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Today’s Bible reading: 2 Kings 13-14:29; Acts 18:23-19:12; Psalm 146:1-10; Proverbs 18:2-3

King Johoahaz was a bad king and during his reign God allowed Aram (modern-day Syria) to defeat Israel (2 Kings 13:2). Then Johoahaz prayed to God for help. The Hebrew text implies that he was the end of this rope; he was utterly defeated. Sometimes it takes a lot to bring us to the place where we will turn from our sin and back to the Lord.

God answered the prayer, but the sin did not stop (2 Kings 13:5-6). Because of this lack of relationship with God they became weak (2 Kings 13:7). Fellowship with God is like food for the body. Without it we will lose our strength.

Even great men of God will die, and in 2 Kings 13:2o Elisha dies. Just prior to his death he is visited by King Jehoash of Israel. King Jehoash was not a particularly godly man, but he recognized Elisha as having a strong relationship with God. Christians should live their lives in such a way that even the non believers around us will see God’s presence.

Amaziah becomes king of Judah in 2 Kings 14. He was a good king, but not as good as David (2 Kings 14:3). Amaziah wins a relatively small victory over Edom (2 Kings 14:7) and lets that victory go to his head. He thinks he can defeat the much larger army of Israel (2 Kings 14:8). I think after we have a victory over sin we can get a bit overconfident and decide we can take on larger enemies. That is not necessarily true. We need to listen to God and walk with Him. It is His goal for us to grow stronger, but only He knows what we are capable of and what our next assignment should be.

Amaziah is soundly defeated by Israel which undermines his credibility (2 Kings 14:11-14, 19) which leads to his death. If he had only been more humble and had listened to God’s instruction rather than acting on his own this would not have happened.

We briefly meet Jonah today (2 Kings 14:25). This is the same man God will send to Nineveh. We’ll read that great story later this year. But here we learn that Jonah had a ministry in Israel prior to that experience.

Paul begins his third missionary journey in Acts 18:23 after spending some time in Antioch, resting after his second mission. But even while there Paul was working for the Lord by ministering to believers.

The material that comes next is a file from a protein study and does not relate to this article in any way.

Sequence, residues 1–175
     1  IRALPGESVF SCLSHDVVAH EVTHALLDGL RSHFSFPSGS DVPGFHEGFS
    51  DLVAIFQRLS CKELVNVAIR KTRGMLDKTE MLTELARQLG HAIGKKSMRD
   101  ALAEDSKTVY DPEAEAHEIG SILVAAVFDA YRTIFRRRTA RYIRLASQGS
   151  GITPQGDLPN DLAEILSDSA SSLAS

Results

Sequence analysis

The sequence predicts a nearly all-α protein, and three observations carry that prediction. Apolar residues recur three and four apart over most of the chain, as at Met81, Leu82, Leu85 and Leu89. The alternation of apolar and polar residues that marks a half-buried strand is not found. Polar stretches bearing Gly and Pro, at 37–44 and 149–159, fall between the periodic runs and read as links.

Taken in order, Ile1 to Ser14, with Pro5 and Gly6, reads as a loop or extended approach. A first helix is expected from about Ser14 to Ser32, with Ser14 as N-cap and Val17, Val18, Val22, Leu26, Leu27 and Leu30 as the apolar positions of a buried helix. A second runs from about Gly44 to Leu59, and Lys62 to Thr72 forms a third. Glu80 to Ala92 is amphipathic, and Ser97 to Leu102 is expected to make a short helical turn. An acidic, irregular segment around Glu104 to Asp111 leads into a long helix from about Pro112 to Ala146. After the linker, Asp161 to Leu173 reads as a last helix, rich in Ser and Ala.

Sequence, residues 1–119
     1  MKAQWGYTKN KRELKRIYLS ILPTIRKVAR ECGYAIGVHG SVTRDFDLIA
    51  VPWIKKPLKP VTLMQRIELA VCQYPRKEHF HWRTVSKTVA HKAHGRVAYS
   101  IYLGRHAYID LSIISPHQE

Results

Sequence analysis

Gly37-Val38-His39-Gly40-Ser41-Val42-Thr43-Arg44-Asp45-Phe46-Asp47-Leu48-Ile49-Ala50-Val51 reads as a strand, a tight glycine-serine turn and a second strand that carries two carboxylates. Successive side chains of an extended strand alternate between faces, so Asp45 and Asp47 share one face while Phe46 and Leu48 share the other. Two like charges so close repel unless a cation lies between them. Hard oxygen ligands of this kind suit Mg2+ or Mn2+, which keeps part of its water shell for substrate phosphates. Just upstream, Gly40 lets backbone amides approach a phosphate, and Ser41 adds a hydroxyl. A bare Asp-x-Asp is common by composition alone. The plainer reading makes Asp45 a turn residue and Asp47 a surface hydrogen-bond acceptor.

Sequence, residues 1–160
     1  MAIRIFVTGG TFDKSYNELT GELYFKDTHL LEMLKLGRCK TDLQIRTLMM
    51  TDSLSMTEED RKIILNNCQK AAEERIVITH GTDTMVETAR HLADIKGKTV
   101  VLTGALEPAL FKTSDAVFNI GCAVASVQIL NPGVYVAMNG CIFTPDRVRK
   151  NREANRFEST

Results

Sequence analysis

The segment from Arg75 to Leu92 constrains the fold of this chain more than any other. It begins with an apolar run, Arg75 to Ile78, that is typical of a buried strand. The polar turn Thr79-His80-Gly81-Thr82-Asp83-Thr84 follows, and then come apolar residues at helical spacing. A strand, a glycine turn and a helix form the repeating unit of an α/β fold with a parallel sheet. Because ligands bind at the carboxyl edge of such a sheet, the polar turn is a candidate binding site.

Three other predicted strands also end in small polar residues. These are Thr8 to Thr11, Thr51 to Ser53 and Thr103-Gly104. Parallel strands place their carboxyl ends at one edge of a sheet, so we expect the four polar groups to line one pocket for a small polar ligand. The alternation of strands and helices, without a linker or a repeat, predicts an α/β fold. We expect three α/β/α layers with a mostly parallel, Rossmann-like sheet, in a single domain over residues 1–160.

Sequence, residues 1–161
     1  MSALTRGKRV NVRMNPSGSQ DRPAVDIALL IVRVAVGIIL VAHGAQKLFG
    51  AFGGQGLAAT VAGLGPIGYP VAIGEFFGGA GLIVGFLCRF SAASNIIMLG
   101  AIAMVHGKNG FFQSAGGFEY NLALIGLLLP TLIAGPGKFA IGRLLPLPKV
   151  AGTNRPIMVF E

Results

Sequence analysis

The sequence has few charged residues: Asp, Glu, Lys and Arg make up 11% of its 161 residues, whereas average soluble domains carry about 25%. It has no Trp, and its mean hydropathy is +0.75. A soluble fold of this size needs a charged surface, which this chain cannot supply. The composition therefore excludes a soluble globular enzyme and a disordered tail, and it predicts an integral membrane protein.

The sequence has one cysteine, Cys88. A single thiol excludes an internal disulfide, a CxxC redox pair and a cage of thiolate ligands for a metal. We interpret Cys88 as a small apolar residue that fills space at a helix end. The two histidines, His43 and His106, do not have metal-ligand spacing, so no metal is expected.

Priscilla and Aquila (notice that her name is again listed first) help a well-meaning Jew, Apollos, learn more about Jesus in Acts 18:26. Apollos knew some things, but not everything. When we see another believer who is very interested in God’s word but who may be lacking a bit of knowledge, we should help him/her. Likewise, we need to be open to being taught by other believers who know more than we do.

With his knew understanding Apollos not only debated Jews, but refuted them with powerful arguments from the Scriptures (Acts 18:28). This is exactly how it should be done. We should not focus on secondary issues – like creation vs. evolution. We should focus on the primary message – salvation through Jesus.

In Acts 19:1-7 we learn that no one is a true believer in Jesus without having the Holy Spirit. The Holy Spirit, who is God living inside a person, is the evidence that someone has been truly saved. The people had seemingly repented and were baptized (Acts 19:6). But they had to be changed not only on the outside, but on the inside as well.

While in Ephesus Paul held daily teachings. This went on for 2 years (Acts 19:9-10). Paul was unbelievably dedicated. He gave up a lot of his life so that others would hear God’s word. I can’t imagine what it means to be that dedicated to God.

No one, no matter how powerful can truly help us. They are mortals just like us who don’t have the answers  (Psalm 146:3-4). Relying on God is the solution (Psalm 146:5). He will open the eyes of the blind and lift up those who are heavily burdened (Psalm 146:8).

Comments? Questions? I’d love to hear from you. Please feel free to contact me about this post

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